I forced a tight smile. Senior Showcase would be attended by industry VIPs and recruiters from elite companies all over the country. If I didn’t do well at the audition, I wouldn’t get a featured role. And if I wasn’t featured, I would barely be seen, which would mean that I could probably kiss a professional dance career goodbye, effectively rendering the previous ten years of my life a complete waste.
“Shit, remember that hospital monologue?” Liv asked, ignoring you. She reached out and caressed Ethan’s face, sending a blush racing up his already winter-pink cheeks. “I’ll always . . . be . . . with . . . you,” she whispered, her face contorting into a mask of tragedy. Then she burst out laughing.
“You’ll always be crazy,” Ethan said, but his eyes on her were soft and reverent.
I took a tasteless bite of my wrap and looked across the plaza to where Dave and Ms. Hagen, the drama head, were standing near the entrance to the Metropolitan Opera House. He was cringing against the cold, wearing only a knit skullcap and a pretty flimsy-looking green hoodie. L.A. Boy’s going to have to get himself a proper coat, I thought, feeling a little flutter in my chest that, for once, wasn’t born of pure dread.
I don’t know if it’s fair to say I had a crush on Dave Roth; it was more like a curiosity . . . made slightly more interesting by the fact that he looked like some kind of lush-lipped boy bander crossed with a Greek statue. And in a graduating class of 125 that was 70 percent female, any new Y chromosome was bound to make waves. Besides, Janus never took transfer students. It had been founded in the 70s by a crazy-rich art lover named Roberta Zeagler who had, according to the quote carved into a block of marble in the lobby, wanted to “democratize the path to cultural greatness.” That meant it was a free ride—tuition, supplies, even pointe shoes, which were $80 a pair and lasted one or two days—and, presumably, that talent was the only factor considered in the application. But each class only had room for twenty-five students per major, and there was a single audition period every spring, no exceptions. No one knew what Dave had done to get special treatment. “P.S.,” Liv said, turning to me like she could read my mind. “I saw his medical records in the nurse’s office this morning, and he’s six-foot-one, one hundred and sixty pounds, and does not have any STDs.” She plucked a baby carrot out of her ever-present Ziploc baggie and snapped it in half with her incisors. I knew Liv well enough to know that A) “saw his medical records” meant “opened the nurse’s file cabinet when she left the room”; and B) she was gearing up to play matchmaker again. She did that every so often—made a big show of trying to set me up with someone, and then lording over me how I never followed through. You never liked that; you always told me I should stop letting her act like I was some kind of pet project. What you didn’t understand was how far we went back, and how I helped her, too. Liv was just a lot louder about it. But then, she was the actress. Drama came with the territory.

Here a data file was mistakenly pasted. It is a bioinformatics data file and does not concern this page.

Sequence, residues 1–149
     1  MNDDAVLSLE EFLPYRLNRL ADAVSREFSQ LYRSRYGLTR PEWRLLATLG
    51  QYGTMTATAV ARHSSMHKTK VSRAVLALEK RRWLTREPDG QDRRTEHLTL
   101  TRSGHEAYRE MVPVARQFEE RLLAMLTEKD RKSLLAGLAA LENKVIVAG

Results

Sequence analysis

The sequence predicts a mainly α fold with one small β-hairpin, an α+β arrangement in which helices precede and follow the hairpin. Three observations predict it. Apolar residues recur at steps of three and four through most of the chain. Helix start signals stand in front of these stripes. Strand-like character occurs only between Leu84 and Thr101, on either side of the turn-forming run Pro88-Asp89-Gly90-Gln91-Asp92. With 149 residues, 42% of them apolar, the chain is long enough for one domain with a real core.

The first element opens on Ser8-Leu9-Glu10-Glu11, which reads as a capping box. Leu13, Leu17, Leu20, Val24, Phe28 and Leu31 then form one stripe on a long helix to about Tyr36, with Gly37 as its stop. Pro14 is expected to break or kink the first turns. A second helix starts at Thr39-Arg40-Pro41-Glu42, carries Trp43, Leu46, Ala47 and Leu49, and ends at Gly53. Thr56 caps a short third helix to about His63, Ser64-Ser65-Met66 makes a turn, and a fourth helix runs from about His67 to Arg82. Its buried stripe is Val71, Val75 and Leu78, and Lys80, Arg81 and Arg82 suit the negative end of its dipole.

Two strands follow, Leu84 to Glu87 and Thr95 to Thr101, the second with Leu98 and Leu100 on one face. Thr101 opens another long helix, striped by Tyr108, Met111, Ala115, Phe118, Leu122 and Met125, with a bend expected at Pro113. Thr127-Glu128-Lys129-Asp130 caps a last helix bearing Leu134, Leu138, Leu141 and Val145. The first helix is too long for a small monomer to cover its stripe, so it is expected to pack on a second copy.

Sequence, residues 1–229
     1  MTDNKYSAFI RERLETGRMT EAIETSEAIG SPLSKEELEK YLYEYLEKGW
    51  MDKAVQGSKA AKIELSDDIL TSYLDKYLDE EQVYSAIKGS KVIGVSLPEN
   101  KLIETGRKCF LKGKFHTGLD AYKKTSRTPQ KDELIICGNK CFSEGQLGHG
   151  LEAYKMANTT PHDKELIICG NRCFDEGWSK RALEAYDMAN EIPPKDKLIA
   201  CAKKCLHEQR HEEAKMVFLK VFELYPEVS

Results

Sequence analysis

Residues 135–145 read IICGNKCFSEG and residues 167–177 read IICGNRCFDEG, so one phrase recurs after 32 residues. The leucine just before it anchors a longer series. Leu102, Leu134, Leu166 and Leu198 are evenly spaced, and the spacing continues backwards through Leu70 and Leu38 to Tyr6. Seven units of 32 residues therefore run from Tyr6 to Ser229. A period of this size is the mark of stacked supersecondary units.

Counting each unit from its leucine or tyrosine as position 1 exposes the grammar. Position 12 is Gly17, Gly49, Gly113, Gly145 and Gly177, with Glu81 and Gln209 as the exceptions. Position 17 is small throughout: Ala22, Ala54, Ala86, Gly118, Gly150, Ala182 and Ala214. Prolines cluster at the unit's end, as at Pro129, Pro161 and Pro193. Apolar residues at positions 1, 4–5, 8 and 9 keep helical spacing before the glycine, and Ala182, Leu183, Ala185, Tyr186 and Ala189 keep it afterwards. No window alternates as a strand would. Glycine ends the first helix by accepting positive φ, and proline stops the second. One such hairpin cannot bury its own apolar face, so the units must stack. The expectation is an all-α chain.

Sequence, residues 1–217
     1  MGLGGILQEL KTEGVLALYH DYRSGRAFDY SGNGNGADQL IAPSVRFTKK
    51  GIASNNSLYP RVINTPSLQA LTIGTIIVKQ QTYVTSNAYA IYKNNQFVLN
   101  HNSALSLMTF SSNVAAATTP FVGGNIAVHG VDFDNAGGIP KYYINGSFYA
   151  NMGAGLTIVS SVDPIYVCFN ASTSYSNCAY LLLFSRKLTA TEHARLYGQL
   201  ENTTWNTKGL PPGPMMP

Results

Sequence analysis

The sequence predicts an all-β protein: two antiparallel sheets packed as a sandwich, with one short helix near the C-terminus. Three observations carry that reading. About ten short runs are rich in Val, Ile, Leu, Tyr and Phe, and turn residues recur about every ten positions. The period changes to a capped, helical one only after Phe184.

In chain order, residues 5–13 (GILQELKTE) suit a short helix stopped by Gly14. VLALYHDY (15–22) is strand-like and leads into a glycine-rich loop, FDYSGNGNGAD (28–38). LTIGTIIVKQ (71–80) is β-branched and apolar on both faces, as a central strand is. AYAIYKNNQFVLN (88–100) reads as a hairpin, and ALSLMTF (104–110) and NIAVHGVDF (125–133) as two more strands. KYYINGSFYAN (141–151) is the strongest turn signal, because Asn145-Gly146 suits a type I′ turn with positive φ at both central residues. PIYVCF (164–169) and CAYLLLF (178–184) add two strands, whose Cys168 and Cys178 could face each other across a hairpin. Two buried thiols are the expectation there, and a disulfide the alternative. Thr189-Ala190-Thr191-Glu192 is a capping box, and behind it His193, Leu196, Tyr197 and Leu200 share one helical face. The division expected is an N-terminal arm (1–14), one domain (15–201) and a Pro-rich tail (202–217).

“He seems more like your type,” I said, trying to deflect attention.
“He’s probably gay,” Ethan said, unconvincingly. “Anyway, you basically live in the nurse’s office, so that’s not exactly Sherlock-level sleuthing.” He smiled down at something on his phone. “And for the record, Wikipedia says he’s only five-nine.”
“I have adrenal fatigue, asshole,” Liv snapped. (Another Liv translation: her “adrenal fatigue” was what the rest of the world called “a hangover.”)
“Can we talk about something else?” you asked. You climbed up onto the bench and leapt into a perfect tour en l’air, landing with a squeak on the soles of your ratty sneakers. I rolled my eyes. I loved cheesy Hollywood dance movies—that was an established fact—but doing ballet jumps in street clothes was a little too Fame-y even for me.
“Attention whore,” Liv grinned, tucking her crudités lunch back into her enormous purse.
“Enjoy this, Ortega,” Ethan said. “It’s your official last day of being the Cute Guy.”
“Aw, you think I’m cute, E?” you asked, plopping down next to Ethan and draping an arm across his shoulders.
“No one thinks that,” I said with a smirk. That was a bald-faced lie, of course. Everyone loved you, and I wasn’t blind. You were the world’s biggest flirt and a straight-boy ballet dancer. Back on our very first day at Janus, I remember being instantly drawn to you, but not in the way other girls seemed to be. Standing there in Ballet 1 with the tags on my brand-new leotard still scratching that unreachable spot between my shoulders, I just got this déjà vu feeling of already knowing you. It had felt, somehow, that you had always been there, and I just hadn’t noticed until that moment.